Extra Virgin Olive Oil Contains a Phenolic Inhibitor of the Histone Demethylase LSD1/KDM1A
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Cancer stem cellsNeurological disordersPhenolicsSecoiridoidsCancer
Cuyàs, E., Gumuzio, J., Lozano-Sánchez, J., Carreras, D., Verdura, S., Llorach-Parés, L., ... & Brugada, R. (2019). Extra Virgin Olive Oil Contains a Phenolic Inhibitor of the Histone Demethylase LSD1/KDM1A. Nutrients, 11(7), 1656.
SponsorshipWork in the Menendez laboratory is supported by the Spanish Ministry of Science and Innovation (Grant SAF2016-80639-P, Plan Nacional de l+D+I, founded by the European Regional Development Fund, Spain) and by an unrestricted research grant from the Fundació Oncolliga Girona (Lliga catalana d’ajuda al malalt de càncer, Girona). The Spanish Ministry of Economy and Competitiveness (MINECO, Project RTI2018-096724-B-C21) and the Generalitat Valenciana (PROMETEO/2016/006) supports work in the Encinar laboratory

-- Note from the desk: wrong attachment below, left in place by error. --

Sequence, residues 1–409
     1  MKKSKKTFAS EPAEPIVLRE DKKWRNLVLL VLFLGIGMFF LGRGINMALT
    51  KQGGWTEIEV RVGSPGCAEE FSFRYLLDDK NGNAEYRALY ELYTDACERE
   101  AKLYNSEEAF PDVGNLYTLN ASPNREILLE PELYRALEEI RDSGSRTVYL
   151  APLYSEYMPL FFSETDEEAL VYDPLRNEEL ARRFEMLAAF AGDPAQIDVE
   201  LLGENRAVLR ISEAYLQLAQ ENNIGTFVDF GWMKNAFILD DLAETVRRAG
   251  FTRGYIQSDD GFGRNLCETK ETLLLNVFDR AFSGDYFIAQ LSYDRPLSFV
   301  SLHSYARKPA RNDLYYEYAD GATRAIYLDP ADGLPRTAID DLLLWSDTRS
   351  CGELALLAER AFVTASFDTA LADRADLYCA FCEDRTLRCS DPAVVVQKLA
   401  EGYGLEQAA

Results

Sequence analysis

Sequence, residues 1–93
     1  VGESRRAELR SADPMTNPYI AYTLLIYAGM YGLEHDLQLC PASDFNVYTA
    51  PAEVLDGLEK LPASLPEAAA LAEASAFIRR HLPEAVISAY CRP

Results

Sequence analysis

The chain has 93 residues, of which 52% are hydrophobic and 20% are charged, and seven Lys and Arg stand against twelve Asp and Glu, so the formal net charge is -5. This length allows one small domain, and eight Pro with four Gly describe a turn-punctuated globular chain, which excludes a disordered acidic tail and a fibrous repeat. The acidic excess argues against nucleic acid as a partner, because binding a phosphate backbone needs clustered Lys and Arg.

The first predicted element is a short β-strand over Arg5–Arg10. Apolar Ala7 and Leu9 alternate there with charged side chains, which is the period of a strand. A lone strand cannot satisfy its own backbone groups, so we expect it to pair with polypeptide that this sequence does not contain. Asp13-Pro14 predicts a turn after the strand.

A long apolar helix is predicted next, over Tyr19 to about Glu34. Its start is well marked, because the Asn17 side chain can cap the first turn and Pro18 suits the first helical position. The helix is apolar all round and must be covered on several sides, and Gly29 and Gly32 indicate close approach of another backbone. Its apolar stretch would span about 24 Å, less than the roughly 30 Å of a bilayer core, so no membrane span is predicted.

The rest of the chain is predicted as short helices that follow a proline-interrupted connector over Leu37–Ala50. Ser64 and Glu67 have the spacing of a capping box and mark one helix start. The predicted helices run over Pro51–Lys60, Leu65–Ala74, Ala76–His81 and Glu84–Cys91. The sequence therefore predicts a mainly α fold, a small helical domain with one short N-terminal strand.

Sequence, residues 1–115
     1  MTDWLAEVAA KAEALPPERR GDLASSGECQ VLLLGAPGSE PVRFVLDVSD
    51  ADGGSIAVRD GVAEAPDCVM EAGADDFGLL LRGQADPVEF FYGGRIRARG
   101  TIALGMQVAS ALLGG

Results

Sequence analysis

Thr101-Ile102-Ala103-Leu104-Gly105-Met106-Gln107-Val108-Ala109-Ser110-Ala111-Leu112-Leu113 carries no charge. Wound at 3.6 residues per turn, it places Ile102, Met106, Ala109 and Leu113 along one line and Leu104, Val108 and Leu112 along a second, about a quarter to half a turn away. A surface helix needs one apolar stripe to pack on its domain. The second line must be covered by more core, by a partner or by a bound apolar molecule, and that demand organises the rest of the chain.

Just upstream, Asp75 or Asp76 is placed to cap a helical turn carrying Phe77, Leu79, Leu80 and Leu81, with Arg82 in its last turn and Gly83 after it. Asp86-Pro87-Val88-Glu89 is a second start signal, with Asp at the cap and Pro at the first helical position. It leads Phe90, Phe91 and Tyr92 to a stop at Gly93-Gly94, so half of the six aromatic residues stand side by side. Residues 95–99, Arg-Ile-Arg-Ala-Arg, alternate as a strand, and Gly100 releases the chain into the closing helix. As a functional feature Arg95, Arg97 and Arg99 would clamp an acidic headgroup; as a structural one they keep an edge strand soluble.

The lysine-specific histone demethylase 1A (LSD1) also known as lysine (K)-specific demethylase 1A (KDM1A) is a central epigenetic regulator of metabolic reprogramming in obesity-associated diseases, neurological disorders, and cancer. Here, we evaluated the ability of oleacein, a biophenol secoiridoid naturally present in extra virgin olive oil (EVOO), to target LSD1. Molecular docking and dynamic simulation approaches revealed that oleacein could target the binding site of the LSD1 cofactor flavin adenosine dinucleotide with high affinity and at low concentrations. At higher concentrations, oleacein was predicted to target the interaction of LSD1 with histone H3 and the LSD1 co-repressor (RCOR1/CoREST), likely disturbing the anchorage of LSD1 to chromatin. AlphaScreen-based in vitro assays confirmed the ability of oleacein to act as a direct inhibitor of recombinant LSD1, with an IC50 as low as 2.5 umol/L. Further, oleacein fully suppressed the expression of the transcription factor SOX2 (SEX determining Region Y-box 2) in cancer stem-like and induced pluripotent stem (iPS) cells, which specifically occurs under the control of an LSD1-targeted distal enhancer. Conversely, oleacein failed to modify ectopic SOX2 overexpression driven by a constitutive promoter. Overall, our findings provide the first evidence that EVOO contains a naturally occurring phenolic inhibitor of LSD1, and support the use of oleacein as a template to design new secoiridoid-based LSD1 inhibitors.